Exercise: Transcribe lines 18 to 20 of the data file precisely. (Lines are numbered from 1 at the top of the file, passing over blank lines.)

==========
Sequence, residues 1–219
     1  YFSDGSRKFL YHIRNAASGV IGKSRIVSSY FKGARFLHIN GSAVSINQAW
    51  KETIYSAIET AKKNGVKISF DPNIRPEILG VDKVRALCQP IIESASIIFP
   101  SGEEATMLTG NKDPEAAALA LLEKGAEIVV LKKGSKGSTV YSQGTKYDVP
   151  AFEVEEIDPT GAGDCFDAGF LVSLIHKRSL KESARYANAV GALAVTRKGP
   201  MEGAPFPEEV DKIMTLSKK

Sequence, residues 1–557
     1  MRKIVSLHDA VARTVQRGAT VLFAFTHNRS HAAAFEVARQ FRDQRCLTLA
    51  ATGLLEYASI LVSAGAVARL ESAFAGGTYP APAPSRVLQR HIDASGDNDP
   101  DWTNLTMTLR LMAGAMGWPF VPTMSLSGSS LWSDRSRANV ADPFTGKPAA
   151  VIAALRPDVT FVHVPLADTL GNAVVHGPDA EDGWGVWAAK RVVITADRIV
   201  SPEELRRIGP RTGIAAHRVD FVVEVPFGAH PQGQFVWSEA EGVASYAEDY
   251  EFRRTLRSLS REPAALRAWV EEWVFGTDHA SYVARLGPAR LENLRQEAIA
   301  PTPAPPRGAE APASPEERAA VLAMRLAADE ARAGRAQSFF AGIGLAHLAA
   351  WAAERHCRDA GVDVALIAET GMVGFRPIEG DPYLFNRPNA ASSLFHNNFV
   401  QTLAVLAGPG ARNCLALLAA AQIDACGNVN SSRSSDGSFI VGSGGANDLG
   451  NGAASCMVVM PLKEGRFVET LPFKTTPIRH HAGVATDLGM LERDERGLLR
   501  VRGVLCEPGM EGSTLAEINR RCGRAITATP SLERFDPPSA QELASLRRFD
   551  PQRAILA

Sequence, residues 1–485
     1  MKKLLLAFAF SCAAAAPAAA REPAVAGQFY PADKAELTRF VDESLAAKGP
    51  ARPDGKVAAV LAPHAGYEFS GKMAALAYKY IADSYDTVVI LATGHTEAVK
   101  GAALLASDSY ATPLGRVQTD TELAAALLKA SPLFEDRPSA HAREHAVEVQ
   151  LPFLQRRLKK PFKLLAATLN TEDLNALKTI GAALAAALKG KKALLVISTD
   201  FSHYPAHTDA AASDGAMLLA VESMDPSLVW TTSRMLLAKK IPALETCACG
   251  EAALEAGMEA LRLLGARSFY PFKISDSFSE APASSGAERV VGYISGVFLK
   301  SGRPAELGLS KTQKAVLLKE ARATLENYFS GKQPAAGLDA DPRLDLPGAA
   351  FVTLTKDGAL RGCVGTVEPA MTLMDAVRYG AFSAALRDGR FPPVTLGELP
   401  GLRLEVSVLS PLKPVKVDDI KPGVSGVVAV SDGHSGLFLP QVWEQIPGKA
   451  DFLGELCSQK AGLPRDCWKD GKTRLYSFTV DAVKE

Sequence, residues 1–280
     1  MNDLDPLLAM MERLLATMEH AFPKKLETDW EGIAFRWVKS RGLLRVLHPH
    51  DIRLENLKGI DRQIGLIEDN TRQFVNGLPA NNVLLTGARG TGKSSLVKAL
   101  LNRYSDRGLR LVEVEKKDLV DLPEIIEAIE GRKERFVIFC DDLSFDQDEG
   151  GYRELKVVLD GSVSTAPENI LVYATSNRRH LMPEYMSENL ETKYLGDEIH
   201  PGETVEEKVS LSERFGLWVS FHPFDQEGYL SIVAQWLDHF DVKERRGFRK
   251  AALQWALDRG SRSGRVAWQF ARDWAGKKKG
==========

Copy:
   501  VRGVLCEPGM EGSTLAEINR RCGRAITATP SLERFDPPSA QELASLRRFD
   551  PQRAILA

Sequence, residues 1–485